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Identification of a novel cathelicidin antimicrobial peptide from ducks and determination of its functional activity and antibacterial mechanism.

Gao W, Xing L, Qu P, Tan T, Yang N, Li D, Chen H, Feng X - Sci Rep (2015)

Bottom Line: The cDNA sequence of dCATH encodes a predicted 146-amino-acid polypeptide composed of a 17-residue signal peptide, a 109-residue conserved cathelin domain and a 20-residue mature peptide.Phylogenetic analysis demonstrated that dCATH is highly divergent from other avian peptides.The effects on bacterial outer and inner membranes, as examined by scanning electron microscope and transmission electron microscopy, indicate that dCATH kills microbial cells by increasing permeability, causing a loss of membrane integrity.

View Article: PubMed Central - PubMed

Affiliation: College of Animal Science and Technology, Northeast Agricultural University, Harbin 150030, P.R. China.

ABSTRACT
The family of antimicrobial peptide, cathelicidins, which plays important roles against infections in animals, has been identified from many species. Here, we identified a novel avian cathelicidin ortholog from ducks and named dCATH. The cDNA sequence of dCATH encodes a predicted 146-amino-acid polypeptide composed of a 17-residue signal peptide, a 109-residue conserved cathelin domain and a 20-residue mature peptide. Phylogenetic analysis demonstrated that dCATH is highly divergent from other avian peptides. The α-helical structure of the peptide exerted strong antimicrobial activity against a broad range of bacteria in vitro, with most minimum inhibitory concentrations in the range of 2 to 4 μM. Moreover, dCATH also showed cytotoxicity, lysing 50% of mammalian erythrocytes in the presence or absence of 10% fetal calf serum at concentrations of 32 μM or 20 μM and killing 50% HaCaT cells at a concentration of 10 μM. The effects on bacterial outer and inner membranes, as examined by scanning electron microscope and transmission electron microscopy, indicate that dCATH kills microbial cells by increasing permeability, causing a loss of membrane integrity.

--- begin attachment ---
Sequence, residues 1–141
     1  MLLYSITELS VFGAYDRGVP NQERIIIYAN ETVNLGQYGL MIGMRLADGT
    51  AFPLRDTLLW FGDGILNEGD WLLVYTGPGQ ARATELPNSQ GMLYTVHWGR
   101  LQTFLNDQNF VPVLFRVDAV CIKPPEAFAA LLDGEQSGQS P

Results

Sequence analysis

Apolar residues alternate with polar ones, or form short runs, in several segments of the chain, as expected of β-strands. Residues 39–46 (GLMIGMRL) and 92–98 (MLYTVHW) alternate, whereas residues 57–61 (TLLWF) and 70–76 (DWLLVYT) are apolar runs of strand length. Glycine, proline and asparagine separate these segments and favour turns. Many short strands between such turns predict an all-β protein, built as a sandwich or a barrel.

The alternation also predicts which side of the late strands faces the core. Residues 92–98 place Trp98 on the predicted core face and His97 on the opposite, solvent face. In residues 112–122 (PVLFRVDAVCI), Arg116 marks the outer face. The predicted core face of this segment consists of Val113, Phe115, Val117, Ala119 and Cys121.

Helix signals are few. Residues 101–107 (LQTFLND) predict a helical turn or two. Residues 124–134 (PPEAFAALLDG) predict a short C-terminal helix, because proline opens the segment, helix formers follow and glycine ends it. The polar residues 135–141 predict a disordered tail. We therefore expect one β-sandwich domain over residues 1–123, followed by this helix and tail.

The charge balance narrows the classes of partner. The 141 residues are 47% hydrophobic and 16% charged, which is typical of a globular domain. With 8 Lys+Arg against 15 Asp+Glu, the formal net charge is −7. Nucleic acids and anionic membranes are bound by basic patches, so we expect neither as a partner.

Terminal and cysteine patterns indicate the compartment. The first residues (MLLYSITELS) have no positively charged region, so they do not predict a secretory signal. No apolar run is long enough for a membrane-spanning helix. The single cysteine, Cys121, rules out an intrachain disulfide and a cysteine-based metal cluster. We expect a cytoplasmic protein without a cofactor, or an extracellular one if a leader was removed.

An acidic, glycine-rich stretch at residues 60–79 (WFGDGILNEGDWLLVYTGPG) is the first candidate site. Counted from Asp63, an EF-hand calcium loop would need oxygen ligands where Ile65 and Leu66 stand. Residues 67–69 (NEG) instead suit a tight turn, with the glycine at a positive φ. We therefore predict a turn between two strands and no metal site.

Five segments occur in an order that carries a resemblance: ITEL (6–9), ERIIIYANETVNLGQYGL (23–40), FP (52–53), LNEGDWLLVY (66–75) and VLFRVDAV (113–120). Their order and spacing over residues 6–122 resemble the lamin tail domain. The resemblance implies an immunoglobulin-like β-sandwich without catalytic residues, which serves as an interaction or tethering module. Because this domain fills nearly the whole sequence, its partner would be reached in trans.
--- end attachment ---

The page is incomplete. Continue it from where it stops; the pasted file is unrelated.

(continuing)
No MeSH data available.


Related in: MedlinePlus

Scanning and transmission electron micrographs of E. coli 25922 and S. aureus 29213 treated with the peptide dCATH.SEM micrographs of E. coli: (A) Control, no peptide; (B) peptide-treated. SEM micrographs of S. aureus: (C) Control, no peptide; (D) peptide-treated. TEM micrographs of E. coli: (E) Control, no peptide; (F) dCATH-treated; TEM micrographs of S. aureus: (G) Control, no peptide; (H) dCATH-treated. Bacteria in mid-logarithmic phase were treated with the peptide at 1× MIC for 1 h.
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f7: Scanning and transmission electron micrographs of E. coli 25922 and S. aureus 29213 treated with the peptide dCATH.SEM micrographs of E. coli: (A) Control, no peptide; (B) peptide-treated. SEM micrographs of S. aureus: (C) Control, no peptide; (D) peptide-treated. TEM micrographs of E. coli: (E) Control, no peptide; (F) dCATH-treated; TEM micrographs of S. aureus: (G) Control, no peptide; (H) dCATH-treated. Bacteria in mid-logarithmic phase were treated with the peptide at 1× MIC for 1 h.

Mentions: The effect of the peptide dCATH on the membrane integrity of E. coli and S. aureus was examined. In the control without peptide treatment, all cells displayed a plump shape and smooth surface (Fig. 7A,C). The membrane surface of peptide-treated E. coli cells became shrunken, and cell morphology was changed (Fig. 7B). The effect of the peptide on S. aureus is shown in Fig. 7D, and the cell surface became obviously roughened and disrupted when treated with the peptide.